News release

Government Establishes Independent Commission on Effective Electoral Representation

Government has established an independent commission to consult with Acadians, francophones and African Nova Scotians to determine what effective electoral representation could mean.

The Commission on Effective Electoral Representation of Acadian and African Nova Scotians will travel across the province to consult with individuals and groups and make recommendations to government by Nov. 1.

“As a proud Acadian, I greatly respect the commitment and passion that the Acadian and African Nova Scotian communities have shown on the issue of electoral representation,” said Michel Samson, Minister of Acadian Affairs and Francophonie. “This commission will go beyond looking at electoral boundaries and help determine the ways minority groups could be engaged in and represented in the electoral process.”

The commission will help determine what would encourage minority representation and what effective representation could mean for Acadians, francophones and African Nova Scotians.

“The voice of African Nova Scotians is important and needs to be heard,” said Tony Ince, Minister of African Nova Scotian Affairs. “I’m very pleased that the work of this commission will include both the Acadian and African Nova Scotian communities. Being more inclusive of both minority groups will no doubt provide extremely valuable insights.”

Doug Keefe, independent consultant and former deputy minister of Justice with the province, will chair the commission. He is a lawyer and has been involved in a number of judicial public inquiries including those on the Marshall wrongful conviction, the Westray mine explosion and the Nunn youth justice report.

The commission’s Acadian member is Kenneth Deveau, a vice president at Université Sainte-Anne. Mr. Deveau has done extensive research on the overall vitality of Acadian and francophone minority communities in Canada and co-authored a book on school and cultural autonomy.

Sharon Davis-Murdoch is the African Nova Scotian member. She is co-president of the Health Association of African Canadians and the health lead for the local immigrant partnership. A social justice champion, Ms. Davis-Murdoch was a public servant for more than 20 years and helped to develop the first Provincial Guidelines for Culturally Competent, Primary Health Care.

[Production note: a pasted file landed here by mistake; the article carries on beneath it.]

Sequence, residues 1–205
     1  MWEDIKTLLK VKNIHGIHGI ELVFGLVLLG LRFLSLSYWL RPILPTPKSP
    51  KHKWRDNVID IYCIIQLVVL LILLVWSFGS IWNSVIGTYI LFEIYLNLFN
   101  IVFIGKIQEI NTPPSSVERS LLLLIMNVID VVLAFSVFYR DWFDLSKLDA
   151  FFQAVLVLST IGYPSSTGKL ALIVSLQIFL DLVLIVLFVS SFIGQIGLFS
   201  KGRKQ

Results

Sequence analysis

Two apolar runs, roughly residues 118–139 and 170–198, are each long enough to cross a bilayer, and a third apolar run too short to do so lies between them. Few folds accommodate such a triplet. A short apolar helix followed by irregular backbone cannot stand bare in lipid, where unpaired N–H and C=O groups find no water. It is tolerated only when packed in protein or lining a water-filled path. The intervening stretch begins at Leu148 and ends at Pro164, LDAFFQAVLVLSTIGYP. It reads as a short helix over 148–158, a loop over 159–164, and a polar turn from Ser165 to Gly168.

The final report and recommendations will inform the next Electoral Boundaries Commission which will be established by Jan. 31, 2018.

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Government has established an independent commission to consult with Acadians, francophones and African Nova Scotians to determine what effective electoral representation could mean.

The Commission on Effective Electoral Representation of Acadian and African Nova Scotians will travel across the province to consult with individuals and groups and make recommendations to government by November 1st.

Michel Samson, Minister of Acadian Affairs and Francophonie, says the commission will go beyond looking at electoral boundaries and help determine the ways that minority groups could be engaged in the electoral process.

Tony Ince, Minister of African Nova Scotian Affairs, says he is pleased that the work of this commission will include both the Acadian and African Nova Scotian communities.

Doug Keefe, former deputy minister of Justice with the province, will chair the commission. The commission’s Acadian member is Kenneth Deveau, a vice president at Université Sainte- Anne. The African Nova Scotian member is Sharon Davis-Murdoch, co-president of the Health Association of African Canadians.

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Media Contacts:

Tina Thibeau
902-722-1367 Email: